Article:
|Some of the presenters at the first-ever Spring Boating Symposium hosted by the Northwest Maritime Center were (from left) Mark Schrader, Mark Bunzel, Barbara Marrett, symposium director Kaci Cronkhite, Chris Brignoli, Larry Pardey, Lin Pardey, Carol Hasse, Brion Toss and Steve D'Antonio. Photos by Jan Davis|
Scott Wilson, Editor/Publisher
She’s sailed through terrific Pacific storms without an engine.
She’s been accosted by Arabs armed with machine guns in the Red Sea.
She’s sailed through the pirate-infested waters of Somalia.
She’s been all over the world in all kinds of conditions.
But according to nationally known sailor Lin Pardey, the biggest fear in sailing or cruising isn’t any of that.
“The scariest part,” she told a packed crowd of boaters at the Spring Boating Symposium of the Northwest Maritime Center, “is getting away.”
For boaters who seek the adventure of a long cruise, people who openly or secretly wish the boat would never leave the dock are everywhere, said Pardey at the March 18-20 event.
But casting off is the key to the adventurous life, said Pardey, who with husband Larry has sailed tens of thousands of miles and written a dozen marine books. The places you go, the people you meet, the choices you make – that’s what motivates most boaters, she said.
The Pardeys were just one set of 27 faculty who presented almost three solid days of workshops to 133 attendees at the event, a first-ever symposium by the NWMC held in the center’s collection of eight waterfront classrooms in downtown Port Townsend. Some 50 volunteers assisted.
"The facility is an awesome example of what can happen when a group of people with vision and determination set on intention,” said one presenter. “Kudos to all who got us here. What a fine launch pad into the future.”
Other sessions dealt with how to cruise north of the Queen Charlotte Strait, cruising at night, battling on-board fires, using electronic steering systems, how to dock without damaging your boat, the latest in survival suits … and the list went on and on.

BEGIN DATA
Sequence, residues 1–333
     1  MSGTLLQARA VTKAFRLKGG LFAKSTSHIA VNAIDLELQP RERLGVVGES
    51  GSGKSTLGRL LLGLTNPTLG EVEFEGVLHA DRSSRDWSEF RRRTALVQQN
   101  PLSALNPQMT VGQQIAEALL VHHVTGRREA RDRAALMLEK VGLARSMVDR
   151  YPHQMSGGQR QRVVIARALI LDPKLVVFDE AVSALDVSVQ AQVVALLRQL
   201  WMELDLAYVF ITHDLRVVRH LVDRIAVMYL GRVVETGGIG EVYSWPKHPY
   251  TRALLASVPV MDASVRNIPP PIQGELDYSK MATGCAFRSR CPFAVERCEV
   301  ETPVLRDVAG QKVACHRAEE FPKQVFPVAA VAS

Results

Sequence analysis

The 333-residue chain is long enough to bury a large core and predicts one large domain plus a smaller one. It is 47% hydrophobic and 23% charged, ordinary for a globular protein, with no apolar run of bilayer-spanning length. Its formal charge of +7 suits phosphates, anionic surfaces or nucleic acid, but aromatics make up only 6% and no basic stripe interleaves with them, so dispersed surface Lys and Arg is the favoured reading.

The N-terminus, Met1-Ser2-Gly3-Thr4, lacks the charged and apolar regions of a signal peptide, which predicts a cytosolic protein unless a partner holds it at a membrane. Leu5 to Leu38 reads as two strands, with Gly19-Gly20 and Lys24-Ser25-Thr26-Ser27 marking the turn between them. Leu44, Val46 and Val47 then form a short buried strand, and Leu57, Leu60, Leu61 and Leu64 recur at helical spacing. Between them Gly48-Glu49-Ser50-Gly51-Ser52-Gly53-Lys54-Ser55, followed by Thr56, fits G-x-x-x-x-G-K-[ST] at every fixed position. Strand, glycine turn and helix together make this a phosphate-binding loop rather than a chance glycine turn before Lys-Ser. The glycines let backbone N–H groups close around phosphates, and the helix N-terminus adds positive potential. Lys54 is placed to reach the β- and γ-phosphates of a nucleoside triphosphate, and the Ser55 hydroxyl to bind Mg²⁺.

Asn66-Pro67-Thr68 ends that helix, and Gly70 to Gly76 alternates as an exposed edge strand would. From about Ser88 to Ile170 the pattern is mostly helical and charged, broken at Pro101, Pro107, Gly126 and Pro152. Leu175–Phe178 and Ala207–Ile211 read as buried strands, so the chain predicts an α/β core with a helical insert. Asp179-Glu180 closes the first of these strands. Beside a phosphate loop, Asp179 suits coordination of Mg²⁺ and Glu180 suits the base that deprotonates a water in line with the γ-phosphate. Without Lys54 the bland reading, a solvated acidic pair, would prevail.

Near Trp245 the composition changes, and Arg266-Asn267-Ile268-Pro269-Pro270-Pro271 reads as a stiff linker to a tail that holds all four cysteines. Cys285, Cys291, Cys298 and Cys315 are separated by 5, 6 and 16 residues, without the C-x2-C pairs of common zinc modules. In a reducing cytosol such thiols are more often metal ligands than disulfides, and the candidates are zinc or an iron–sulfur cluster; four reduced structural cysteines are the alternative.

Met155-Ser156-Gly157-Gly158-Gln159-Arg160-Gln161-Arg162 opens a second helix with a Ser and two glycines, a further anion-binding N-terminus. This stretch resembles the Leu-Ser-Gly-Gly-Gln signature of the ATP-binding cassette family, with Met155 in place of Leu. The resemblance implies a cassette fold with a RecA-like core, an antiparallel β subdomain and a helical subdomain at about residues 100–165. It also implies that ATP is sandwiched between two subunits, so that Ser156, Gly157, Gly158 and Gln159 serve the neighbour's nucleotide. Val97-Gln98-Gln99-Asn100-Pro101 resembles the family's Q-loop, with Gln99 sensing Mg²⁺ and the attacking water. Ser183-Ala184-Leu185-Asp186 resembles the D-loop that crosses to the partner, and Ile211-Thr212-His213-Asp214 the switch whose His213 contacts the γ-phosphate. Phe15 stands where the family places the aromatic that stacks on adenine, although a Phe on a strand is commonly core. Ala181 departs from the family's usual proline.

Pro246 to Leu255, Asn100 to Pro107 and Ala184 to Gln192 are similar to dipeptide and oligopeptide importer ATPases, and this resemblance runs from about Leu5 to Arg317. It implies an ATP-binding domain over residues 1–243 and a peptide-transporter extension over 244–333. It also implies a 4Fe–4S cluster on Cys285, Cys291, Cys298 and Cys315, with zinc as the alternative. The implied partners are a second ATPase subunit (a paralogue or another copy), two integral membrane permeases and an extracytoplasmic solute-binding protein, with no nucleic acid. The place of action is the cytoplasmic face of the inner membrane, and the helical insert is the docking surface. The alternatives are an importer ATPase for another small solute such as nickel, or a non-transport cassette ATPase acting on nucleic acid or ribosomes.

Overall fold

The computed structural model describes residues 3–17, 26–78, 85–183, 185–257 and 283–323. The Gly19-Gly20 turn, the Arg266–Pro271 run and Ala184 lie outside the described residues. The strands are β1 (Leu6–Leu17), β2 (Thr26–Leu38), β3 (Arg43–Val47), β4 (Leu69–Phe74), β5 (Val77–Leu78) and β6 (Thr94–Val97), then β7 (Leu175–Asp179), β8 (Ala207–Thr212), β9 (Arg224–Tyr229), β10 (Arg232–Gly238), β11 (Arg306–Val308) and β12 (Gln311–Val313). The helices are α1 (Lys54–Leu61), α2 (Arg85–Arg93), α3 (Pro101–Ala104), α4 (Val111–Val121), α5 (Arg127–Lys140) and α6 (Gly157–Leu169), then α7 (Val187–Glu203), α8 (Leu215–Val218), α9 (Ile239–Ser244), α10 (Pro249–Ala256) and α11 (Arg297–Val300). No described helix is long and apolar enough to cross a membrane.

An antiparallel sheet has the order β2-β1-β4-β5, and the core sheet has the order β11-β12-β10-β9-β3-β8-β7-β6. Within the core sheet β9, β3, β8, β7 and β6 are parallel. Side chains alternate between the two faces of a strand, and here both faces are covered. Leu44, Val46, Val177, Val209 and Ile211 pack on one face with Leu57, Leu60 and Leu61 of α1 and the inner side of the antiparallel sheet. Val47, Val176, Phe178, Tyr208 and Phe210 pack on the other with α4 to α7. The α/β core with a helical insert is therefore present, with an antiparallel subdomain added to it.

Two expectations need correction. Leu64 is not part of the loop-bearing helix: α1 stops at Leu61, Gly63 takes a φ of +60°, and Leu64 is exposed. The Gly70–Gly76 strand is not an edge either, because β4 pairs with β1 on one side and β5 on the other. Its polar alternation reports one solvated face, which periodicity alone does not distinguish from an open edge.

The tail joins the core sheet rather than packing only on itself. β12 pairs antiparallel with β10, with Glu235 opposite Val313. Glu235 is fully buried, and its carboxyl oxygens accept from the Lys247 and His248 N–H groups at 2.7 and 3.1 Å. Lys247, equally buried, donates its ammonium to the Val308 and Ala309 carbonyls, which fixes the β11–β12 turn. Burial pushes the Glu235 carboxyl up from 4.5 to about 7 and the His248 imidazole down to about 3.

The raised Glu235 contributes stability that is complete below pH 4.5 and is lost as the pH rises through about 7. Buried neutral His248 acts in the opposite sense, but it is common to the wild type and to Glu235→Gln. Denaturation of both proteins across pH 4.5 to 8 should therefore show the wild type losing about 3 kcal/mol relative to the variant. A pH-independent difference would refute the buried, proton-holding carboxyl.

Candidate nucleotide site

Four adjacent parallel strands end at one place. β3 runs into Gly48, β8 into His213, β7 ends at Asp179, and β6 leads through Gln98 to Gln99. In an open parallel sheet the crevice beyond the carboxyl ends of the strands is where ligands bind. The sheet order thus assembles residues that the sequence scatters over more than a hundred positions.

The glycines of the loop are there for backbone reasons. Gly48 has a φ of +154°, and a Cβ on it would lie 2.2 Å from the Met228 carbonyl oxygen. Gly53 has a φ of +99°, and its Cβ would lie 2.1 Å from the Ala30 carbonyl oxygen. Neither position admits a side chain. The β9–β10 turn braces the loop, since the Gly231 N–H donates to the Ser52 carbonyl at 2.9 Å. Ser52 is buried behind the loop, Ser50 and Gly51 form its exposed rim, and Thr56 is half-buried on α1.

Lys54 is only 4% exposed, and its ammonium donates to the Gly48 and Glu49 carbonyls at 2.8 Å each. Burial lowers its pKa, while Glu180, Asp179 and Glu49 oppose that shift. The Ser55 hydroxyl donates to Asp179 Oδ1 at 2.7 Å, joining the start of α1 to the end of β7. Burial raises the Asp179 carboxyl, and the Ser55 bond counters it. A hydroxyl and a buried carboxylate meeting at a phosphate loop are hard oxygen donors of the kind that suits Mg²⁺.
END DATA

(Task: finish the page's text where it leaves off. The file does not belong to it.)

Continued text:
Local presenters included rigger Brion Toss, skipper Pete Hanke, sailmaker Carol Hasse and rigger Lisa Vizzini, among others.
Capt. Carolyn Spragg focused on “no-impact docking,” and noted the three keys to avoiding damage during docking are “boat speed, boat speed and boat speed.”
“At what speed should you come into a dock?” asked the Seattle-based skipper. “It depends on at what speed you want to hit the dock.”
Kaci Cronkhite, the NWMC's symposium director, said it was a resounding success in which participants got more excited as time went on.
“We had an overwhelmingly positive response from attendees,” she said, “with everyone asking for more, more, more. More time to talk with each other between sessions and at restaurants; more time to see every single topic or presenter; more time to see the boats,” of which nine were tied up at Point Hudson for tours.
Just as the Wooden Boat Festival in September is a bookend to the summer boating season, NWMC leaders hope this educational symposium – aimed at boaters and boats of all types – can mark the season's opening. Cronkhite also said it is a concentrated effort to draw people to Port Townsend in March (when hotels, restaurants, etc. can use the business).
"We're focused on a lifetime of boating," Cronkhite said of NWMC programs. Younger people may start with a craft to row, then sail and perhaps race, maybe advancing to ocean cruising. And as boaters get older, some switch to powerboats. And when the time comes in a boater's life to downsize, it is back to the small boat to row or sail with the grandkids.
"We're trying to grow quality programming for people of many ages and with many boating interests," Cronkhite said. "This symposium is a great platform from which to launch our programs."